Johnny Hartman?s music will be re-released
Johnny Hartman?s music will be re-released -- The crooner provides the songs for ''Bridges of Madison County''
In The Bridges of Madison County, Clint Eastwood and Meryl Streep fall in love to the dark, subdued, ineffably romantic tones of jazz crooner Johnny Hartman. There is, perhaps, no more fitting singer for this bittersweet tale of lost opportunities. ”I’d always been a Hartman fan, and for years I was looking for the chance to use him. Then Bridges came along, and I thought, this is it,” says director Eastwood, whose own label, Malpaso, will reissue the entire out-of-print 1981 album (Once in Every Life) from which Hartman’s four Bridges songs are culled.
Born July 3, 1926, in Chicago, Hartman sang in the choir of a South Side Baptist church (its keyboardist, incidentally, was young Dinah Washington, whose vocals are also heard on the Bridges soundtrack). After singing with the big bands of Earl Hines (1947) and Dizzy Gillespie (1948-49), Hartman went solo.
In 1950, Our World, a black general-interest magazine, described a struggling Hartman cooking his own meals, mending his own clothes, waiting for that one hit record that could make him famous, and being told repeatedly by white booking agents: ”I’d like to use you, Johnny, but you’ll never make it. Your voice is too classy for a Negro.”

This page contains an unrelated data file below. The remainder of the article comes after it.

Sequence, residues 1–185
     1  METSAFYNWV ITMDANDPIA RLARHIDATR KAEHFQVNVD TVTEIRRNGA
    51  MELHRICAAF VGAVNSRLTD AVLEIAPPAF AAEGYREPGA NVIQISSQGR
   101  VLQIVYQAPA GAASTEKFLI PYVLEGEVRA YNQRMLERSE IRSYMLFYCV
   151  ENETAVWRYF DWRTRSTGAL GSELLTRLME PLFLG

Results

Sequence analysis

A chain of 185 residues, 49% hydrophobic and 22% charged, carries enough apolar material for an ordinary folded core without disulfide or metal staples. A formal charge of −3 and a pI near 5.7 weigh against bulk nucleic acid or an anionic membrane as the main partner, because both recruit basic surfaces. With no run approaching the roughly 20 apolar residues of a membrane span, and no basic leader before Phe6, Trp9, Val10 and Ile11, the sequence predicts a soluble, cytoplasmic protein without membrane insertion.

An understated, refined balladeer who rarely attempted scat singing, Hartman counted Nat ”King” Cole, Frank Sinatra, and Ella Fitzgerald among singers he liked. He felt frustrated — and not a little bitter — that he never equaled their popularity. On a questionnaire for Leonard Feather’s Encyclopedia of Jazz, he complained that he’d made a great recording of ”Goodbye” but Mercury hadn’t promoted it; his fine ”I Ran All the Way Home” had been eclipsed by Sarah Vaughan’s version; he cut ”Wheel of Fortune” months before Kay Starr (who had the hit, in 1952), but RCA kept his version off the rack too long.
A self-effacing man, Hartman said he doubted he’d fit in when jazz legend John Coltrane — who’d never before used a vocalist — asked him to sing on a 1963 album, called simply John Coltrane & Johnny Hartman (recently reissued by Impulse!). That record, which included a near-definitive version of a song Hartman fully learned only in the studio, Billy Strayhorn’s ”Lush Life,” was a high point of Hartman’s career. But industry recognition didn’t come until 1982, when his last album, Once in Every Life, earned him a Grammy nomination. He lost to Al Jarreau. Nearly two years later, at the age of 57, Hartman succumbed to cancer.